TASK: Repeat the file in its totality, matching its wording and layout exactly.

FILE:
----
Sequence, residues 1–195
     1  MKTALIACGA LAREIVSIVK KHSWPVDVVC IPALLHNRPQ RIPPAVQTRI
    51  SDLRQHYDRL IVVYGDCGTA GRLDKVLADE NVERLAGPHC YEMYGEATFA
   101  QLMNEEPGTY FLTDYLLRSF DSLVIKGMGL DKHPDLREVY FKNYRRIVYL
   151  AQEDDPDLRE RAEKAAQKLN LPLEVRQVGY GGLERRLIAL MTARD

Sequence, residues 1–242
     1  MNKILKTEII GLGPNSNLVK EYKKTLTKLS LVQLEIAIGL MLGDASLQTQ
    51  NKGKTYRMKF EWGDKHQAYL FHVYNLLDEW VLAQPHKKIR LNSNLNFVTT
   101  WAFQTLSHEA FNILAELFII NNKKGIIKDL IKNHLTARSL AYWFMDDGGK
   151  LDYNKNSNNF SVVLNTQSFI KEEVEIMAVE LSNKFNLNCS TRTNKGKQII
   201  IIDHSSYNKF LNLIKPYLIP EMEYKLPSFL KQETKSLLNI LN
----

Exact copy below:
Sequence, residues 1–195
     1  MKTALIACGA LAREIVSIVK KHSWPVDVVC IPALLHNRPQ RIPPAVQTRI
    51  SDLRQHYDRL IVVYGDCGTA GRLDKVLADE NVERLAGPHC YEMYGEATFA
   101  QLMNEEPGTY FLTDYLLRSF DSLVIKGMGL DKHPDLREVY FKNYRRIVYL
   151  AQEDDPDLRE RAEKAAQKLN LPLEVRQVGY GGLERRLIAL MTARD

Sequence, residues 1–242
     1  MNKILKTEII GLGPNSNLVK EYKKTLTKLS LVQLEIAIGL MLGDASLQTQ
    51  NKGKTYRMKF EWGDKHQAYL FHVYNLLDEW VLAQPHKKIR LNSNLNFVTT
   101  WAFQTLSHEA FNILAELFII NNKKGIIKDL IKNHLTARSL AYWFMDDGGK
   151  LDYNKNSNNF SVVLNTQSFI KEEVEIMAVE LSNKFNLNCS TRTNKGKQII
   201  IIDHSSYNKF LNLIKPYLIP EMEYKLPSFL KQETKSLLNI LN